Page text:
London: Bullying using
e-mails, texts or web-postings to abuse people is as common at the
workplace as 'conventional' bullying at schools, says a study.
The way cyberbullying influences both the victim and witnesses is
more hidden at the workplace, according to study on occupational
Christine Sprigg, Carolyn Axtell and Sam Farley of the University
of Sheffield, with Iain Coyne of Nottingham University, have shone
a new light on this relatively new phenomenon.
The study included three separate surveys among employees in
several universities in Britain, asking people about their
experiences of cyberbullying, according to a statement of
Sheffield and Nottingham Universities.
"We gave people a list of what can be classed as bullying, such as
being humiliated, ignored or gossiped about, and asked them if
they had faced such behaviour online and how often," said Coyne.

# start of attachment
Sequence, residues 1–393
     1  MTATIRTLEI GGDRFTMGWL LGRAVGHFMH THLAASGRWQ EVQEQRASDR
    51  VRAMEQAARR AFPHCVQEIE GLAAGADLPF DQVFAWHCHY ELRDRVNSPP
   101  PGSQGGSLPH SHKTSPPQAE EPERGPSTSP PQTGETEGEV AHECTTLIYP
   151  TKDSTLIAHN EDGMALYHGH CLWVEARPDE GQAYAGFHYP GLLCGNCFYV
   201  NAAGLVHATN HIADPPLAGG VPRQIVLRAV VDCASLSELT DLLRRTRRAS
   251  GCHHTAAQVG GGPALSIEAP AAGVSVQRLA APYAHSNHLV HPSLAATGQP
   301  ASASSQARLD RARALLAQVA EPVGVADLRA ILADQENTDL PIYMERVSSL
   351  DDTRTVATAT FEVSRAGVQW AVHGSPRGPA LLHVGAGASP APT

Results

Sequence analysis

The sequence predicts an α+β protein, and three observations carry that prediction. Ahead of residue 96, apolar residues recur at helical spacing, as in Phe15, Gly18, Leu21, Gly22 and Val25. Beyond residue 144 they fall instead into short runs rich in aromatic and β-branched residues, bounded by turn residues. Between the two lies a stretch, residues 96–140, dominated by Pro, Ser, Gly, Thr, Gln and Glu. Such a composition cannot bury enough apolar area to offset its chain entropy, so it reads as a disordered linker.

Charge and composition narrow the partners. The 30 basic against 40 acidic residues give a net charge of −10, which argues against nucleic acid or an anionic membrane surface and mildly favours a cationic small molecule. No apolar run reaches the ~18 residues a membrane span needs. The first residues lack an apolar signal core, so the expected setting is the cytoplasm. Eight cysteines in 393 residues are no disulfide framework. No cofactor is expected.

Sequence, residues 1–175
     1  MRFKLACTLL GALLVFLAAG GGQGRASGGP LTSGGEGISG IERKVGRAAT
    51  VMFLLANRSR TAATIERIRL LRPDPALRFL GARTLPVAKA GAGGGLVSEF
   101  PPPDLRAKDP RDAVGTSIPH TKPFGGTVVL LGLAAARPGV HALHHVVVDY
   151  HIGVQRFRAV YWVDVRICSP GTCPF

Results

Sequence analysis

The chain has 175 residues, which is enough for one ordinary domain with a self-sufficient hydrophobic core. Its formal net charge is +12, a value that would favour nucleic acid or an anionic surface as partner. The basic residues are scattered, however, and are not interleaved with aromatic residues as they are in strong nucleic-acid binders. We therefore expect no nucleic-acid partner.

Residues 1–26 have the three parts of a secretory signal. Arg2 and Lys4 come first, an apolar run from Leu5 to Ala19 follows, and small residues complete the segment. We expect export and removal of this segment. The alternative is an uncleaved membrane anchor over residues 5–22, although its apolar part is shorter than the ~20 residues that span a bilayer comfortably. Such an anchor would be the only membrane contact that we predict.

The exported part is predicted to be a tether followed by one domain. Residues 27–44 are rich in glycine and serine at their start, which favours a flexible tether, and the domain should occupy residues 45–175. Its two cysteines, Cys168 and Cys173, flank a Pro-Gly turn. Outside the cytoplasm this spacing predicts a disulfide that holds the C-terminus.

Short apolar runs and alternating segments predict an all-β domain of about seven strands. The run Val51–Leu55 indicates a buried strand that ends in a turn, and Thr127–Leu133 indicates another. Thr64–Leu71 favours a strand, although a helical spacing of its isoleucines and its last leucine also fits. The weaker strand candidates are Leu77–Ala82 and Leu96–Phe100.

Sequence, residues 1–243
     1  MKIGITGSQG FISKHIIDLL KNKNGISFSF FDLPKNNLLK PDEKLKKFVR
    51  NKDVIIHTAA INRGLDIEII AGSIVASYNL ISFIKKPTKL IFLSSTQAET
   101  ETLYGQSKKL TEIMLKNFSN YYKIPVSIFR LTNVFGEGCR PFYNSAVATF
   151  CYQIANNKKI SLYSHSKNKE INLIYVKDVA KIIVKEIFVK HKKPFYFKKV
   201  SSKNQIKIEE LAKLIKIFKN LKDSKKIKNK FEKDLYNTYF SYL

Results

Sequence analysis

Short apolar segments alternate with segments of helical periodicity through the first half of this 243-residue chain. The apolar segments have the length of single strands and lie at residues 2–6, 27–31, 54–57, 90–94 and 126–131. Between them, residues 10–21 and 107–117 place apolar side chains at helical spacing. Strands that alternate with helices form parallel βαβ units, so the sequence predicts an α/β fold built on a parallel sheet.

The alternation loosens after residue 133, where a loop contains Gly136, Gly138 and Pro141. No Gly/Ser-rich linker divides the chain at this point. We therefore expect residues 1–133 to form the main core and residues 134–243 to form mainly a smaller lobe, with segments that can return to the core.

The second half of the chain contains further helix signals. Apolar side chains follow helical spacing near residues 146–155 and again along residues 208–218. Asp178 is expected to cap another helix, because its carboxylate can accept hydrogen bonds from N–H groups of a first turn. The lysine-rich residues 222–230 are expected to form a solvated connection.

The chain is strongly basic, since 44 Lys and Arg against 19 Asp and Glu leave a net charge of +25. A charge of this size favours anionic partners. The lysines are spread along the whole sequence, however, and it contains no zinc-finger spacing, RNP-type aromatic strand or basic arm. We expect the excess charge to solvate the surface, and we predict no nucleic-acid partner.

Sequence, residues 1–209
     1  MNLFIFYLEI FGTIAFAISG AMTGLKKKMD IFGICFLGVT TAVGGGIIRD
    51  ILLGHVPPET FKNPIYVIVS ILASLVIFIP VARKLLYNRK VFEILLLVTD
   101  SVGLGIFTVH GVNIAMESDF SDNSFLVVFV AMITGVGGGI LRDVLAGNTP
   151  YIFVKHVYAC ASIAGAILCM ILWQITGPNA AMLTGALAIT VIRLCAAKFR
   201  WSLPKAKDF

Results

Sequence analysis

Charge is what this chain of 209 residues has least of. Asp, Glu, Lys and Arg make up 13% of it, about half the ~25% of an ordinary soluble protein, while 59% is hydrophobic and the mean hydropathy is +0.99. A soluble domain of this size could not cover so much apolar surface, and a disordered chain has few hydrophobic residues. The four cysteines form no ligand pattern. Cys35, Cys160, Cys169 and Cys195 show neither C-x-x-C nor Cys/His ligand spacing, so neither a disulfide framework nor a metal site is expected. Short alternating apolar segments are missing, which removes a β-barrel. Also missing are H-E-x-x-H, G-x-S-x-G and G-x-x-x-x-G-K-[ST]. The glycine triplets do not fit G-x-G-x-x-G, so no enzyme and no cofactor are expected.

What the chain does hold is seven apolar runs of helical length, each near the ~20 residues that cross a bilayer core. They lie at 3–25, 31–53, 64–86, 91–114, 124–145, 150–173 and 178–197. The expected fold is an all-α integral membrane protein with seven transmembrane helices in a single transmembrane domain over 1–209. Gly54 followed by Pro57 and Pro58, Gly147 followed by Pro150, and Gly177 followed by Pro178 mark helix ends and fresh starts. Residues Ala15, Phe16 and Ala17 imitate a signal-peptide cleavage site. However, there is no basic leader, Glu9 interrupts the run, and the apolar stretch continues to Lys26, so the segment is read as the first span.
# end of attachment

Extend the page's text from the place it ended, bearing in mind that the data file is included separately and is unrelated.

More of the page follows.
Of the 320 people who responded to the survey, around eight out of
10 had experienced one of the listed cyberbullying behaviours on
at least one occasion in the previous six months.
The results also showed 14 to 20 percent experienced them on at
least a weekly basis -- a similar rate to conventional bullying.
"Overall, those that had experienced cyberbullying tended to have
higher mental strain and lower job satisfaction," Coyne said.
"In one of our surveys, this effect was shown to be worse for
cyberbullying than for conventional bullying."
The research team also found that the impact of witnessing
cyberbullying was different than that seen for conventional
"In the research literature, people who witness conventional
bullying also show evidence of reduced wellbeing. However, in our
research this does not appear to be the case for the online
environment," Coyne said.
"Witnesses are much less affected. This might be because of the
remote nature of cyberspace -- perhaps people empathise less with
the victims," said Coyne.
These findings will be presented during the Economic and Social
Research Council's (ESRC) annual Festival of Social Science in